• Previous work has demonstrated the capability of near-infrared (NIR) spectroscopy to determine the cineole content (not less than 70% w/w) of eucalyptus oil with an accuracy comparable with that of the British Pharmacopoeia (BP) assay method [30].
  • Gas chromatography/mass spectrometry identified terpinen-4-ol (42 %), a-terpineol (3 %) and 1,8-cineole (2%, respectively, of tea tree oil) as the water soluble components of tea tree oil [31].
  • METHODS: Cytokine production was determined following 20 h of incubation cells with 1,8-cineol simultaneously with the stimuli in culture supernatants by enzyme immunoassay [28].
  • Pretreatment of anesthetized rats with bilateral vagotomy significantly reduced the bradycardic responses to 1,8-cineole (10 mg/kg) without affecting hypotension [32].


  1. Cytochrome P450(cin) (CYP176A), isolation, expression, and characterization. Hawkes, D.B., Adams, G.W., Burlingame, A.L., Ortiz de Montellano, P.R., De Voss, J.J. J. Biol. Chem. (2002) [Pubmed]
  2. Proton-transfer-reaction mass spectrometry as a new tool for real time analysis of root-secreted volatile organic compounds in Arabidopsis. Steeghs, M., Bais, H.P., de Gouw, J., Goldan, P., Kuster, W., Northway, M., Fall, R., Vivanco, J.M. Plant Physiol. (2004) [Pubmed]
  3. Mutagenicity testing (+/-)-camphor, 1,8-cineole, citral, citronellal, (-)-menthol and terpineol with the Salmonella/microsome assay. Gomes-Carneiro, M.R., Felzenszwalb, I., Paumgartten, F.J. Mutat. Res. (1998) [Pubmed]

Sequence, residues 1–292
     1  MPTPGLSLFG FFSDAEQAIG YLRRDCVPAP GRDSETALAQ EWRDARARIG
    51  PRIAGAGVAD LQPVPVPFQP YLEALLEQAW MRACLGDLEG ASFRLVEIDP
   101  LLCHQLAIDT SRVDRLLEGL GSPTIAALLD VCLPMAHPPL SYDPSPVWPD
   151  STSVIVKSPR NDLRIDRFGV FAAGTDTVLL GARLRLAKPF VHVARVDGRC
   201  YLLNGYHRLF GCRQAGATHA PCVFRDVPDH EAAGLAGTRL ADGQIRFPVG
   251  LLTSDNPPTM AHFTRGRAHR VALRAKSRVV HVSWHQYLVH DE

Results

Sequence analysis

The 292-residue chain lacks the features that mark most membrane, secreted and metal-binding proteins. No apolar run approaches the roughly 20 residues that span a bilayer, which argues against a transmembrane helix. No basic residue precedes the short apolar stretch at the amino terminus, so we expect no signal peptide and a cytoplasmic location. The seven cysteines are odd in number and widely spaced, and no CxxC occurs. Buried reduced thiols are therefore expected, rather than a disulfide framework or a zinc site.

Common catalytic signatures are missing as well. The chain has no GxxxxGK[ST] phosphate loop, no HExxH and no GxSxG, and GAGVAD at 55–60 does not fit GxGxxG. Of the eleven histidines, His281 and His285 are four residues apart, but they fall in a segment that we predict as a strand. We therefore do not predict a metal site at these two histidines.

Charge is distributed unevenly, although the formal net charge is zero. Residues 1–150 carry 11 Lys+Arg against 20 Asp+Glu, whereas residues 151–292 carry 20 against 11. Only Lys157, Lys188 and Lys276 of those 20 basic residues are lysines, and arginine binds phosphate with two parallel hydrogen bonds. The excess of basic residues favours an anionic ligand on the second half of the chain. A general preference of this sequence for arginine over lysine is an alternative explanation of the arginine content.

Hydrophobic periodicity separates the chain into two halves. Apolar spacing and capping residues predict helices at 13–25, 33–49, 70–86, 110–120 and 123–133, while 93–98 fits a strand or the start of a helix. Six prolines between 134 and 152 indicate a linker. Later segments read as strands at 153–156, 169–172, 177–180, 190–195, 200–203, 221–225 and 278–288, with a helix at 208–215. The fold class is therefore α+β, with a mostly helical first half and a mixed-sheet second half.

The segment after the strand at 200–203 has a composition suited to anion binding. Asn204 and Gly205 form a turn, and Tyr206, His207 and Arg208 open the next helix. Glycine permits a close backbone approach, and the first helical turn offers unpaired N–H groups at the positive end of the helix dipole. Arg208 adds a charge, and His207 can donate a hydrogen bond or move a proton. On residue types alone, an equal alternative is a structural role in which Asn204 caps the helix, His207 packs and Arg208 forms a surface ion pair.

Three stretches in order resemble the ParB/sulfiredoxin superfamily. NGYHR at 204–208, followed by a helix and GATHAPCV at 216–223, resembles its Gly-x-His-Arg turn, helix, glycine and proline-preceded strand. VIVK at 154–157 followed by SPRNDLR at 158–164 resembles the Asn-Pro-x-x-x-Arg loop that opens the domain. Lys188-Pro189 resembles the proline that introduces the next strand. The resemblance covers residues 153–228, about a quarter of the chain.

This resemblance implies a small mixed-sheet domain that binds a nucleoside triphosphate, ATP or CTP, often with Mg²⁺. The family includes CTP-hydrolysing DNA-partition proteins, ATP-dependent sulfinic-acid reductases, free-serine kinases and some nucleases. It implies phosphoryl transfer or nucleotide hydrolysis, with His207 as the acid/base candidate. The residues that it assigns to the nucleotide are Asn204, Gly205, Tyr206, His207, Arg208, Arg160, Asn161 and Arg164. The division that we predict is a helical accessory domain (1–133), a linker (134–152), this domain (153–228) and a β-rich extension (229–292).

4. Specific induction of apoptosis by 1,8-cineole in two human leukemia cell lines, but not a in human stomach cancer cell line. Moteki, H., Hibasami, H., Yamada, Y., Katsuzaki, H., Imai, K., Komiya, T. Oncol. Rep. (2002) [Pubmed]
  5. Blood levels of 1,8-cineole and locomotor activity of mice after inhalation and oral administration of rosemary oil. Kovar, K.A., Gropper, B., Friess, D., Ammon, H.P. Planta Med. (1987) [Pubmed]
  6. Feeding Behavior of Lambs in Relation to Kinetics of 1,8-cineole Dosed Intravenously or into the Rumen. Dziba, L.E., Hall, J.O., Provenza, F.D. J. Chem. Ecol. (2006) [Pubmed]
  7. Monoterpene synthases from common sage (Salvia officinalis). cDNA isolation, characterization, and functional expression of (+)-sabinene synthase, 1,8-cineole synthase, and (+)-bornyl diphosphate synthase. Wise, M.L., Savage, T.J., Katahira, E., Croteau, R. J. Biol. Chem. (1998) [Pubmed]
  8. Stomatal constraints may affect emission of oxygenated monoterpenoids from the foliage of Pinus pinea. Niinemets, U., Reichstein, M., Staudt, M., Seufert, G., Tenhunen, J.D. Plant Physiol. (2002) [Pubmed]
  9. Regulation of wheal and flare by tea tree oil: complementary human and rodent studies. Khalil, Z., Pearce, A.L., Satkunanathan, N., Storer, E., Finlay-Jones, J.J., Hart, P.H. J. Invest. Dermatol. (2004) [Pubmed]
  10. Mechanism of action of Melaleuca alternifolia (tea tree) oil on Staphylococcus aureus determined by time-kill, lysis, leakage, and salt tolerance assays and electron microscopy. Carson, C.F., Mee, B.J., Riley, T.V. Antimicrob. Agents Chemother. (2002) [Pubmed]
  11. Growth inhibition of rat liver epithelial tumor cells by monoterpenes does not involve Ras plasma membrane association. Ruch, R.J., Sigler, K. Carcinogenesis (1994) [Pubmed]
  12. Characterization of a root-specific Arabidopsis terpene synthase responsible for the formation of the volatile monoterpene 1,8-cineole. Chen, F., Ro, D.K., Petri, J., Gershenzon, J., Bohlmann, J., Pichersky, E., Tholl, D. Plant Physiol. (2004) [Pubmed]
  13. Susceptibility of pseudomonads to Melaleuca alternifolia (tea tree) oil and components. Papadopoulos, C.J., Carson, C.F., Hammer, K.A., Riley, T.V. J. Antimicrob. Chemother. (2006) [Pubmed]